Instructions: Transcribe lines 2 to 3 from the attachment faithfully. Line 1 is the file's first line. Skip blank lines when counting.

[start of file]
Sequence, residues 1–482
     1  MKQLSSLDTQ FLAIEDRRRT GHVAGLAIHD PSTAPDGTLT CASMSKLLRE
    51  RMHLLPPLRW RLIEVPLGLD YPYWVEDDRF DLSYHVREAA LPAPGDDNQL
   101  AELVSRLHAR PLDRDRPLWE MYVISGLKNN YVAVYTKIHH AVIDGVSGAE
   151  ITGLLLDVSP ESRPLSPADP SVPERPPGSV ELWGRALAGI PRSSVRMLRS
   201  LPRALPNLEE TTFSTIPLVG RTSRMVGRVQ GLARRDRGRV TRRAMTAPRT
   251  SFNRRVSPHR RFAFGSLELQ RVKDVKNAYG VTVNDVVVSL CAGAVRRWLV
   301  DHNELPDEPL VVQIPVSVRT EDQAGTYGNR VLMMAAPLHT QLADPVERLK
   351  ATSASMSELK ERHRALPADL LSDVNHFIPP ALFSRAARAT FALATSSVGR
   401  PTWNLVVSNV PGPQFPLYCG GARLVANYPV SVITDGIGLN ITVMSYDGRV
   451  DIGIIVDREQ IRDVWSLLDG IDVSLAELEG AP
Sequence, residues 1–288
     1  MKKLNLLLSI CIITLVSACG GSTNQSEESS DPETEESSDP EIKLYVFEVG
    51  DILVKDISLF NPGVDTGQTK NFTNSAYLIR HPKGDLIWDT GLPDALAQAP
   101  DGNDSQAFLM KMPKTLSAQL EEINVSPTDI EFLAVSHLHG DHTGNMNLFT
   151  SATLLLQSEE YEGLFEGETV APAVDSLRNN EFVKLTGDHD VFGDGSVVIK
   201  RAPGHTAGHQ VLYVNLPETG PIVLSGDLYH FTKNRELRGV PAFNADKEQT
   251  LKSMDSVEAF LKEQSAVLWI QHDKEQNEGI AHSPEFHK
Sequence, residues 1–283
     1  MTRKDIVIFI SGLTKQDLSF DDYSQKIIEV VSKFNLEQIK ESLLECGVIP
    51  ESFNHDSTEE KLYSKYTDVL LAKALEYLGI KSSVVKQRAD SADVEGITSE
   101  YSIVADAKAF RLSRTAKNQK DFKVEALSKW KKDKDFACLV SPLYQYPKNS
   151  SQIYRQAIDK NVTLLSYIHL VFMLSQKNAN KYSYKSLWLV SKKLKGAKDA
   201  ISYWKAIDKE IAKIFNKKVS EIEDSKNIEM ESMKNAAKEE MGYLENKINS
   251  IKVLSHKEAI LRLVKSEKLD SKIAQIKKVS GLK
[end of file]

     1  MKQLSSLDTQ FLAIEDRRRT GHVAGLAIHD PSTAPDGTLT CASMSKLLRE
    51  RMHLLPPLRW RLIEVPLGLD YPYWVEDDRF DLSYHVREAA LPAPGDDNQL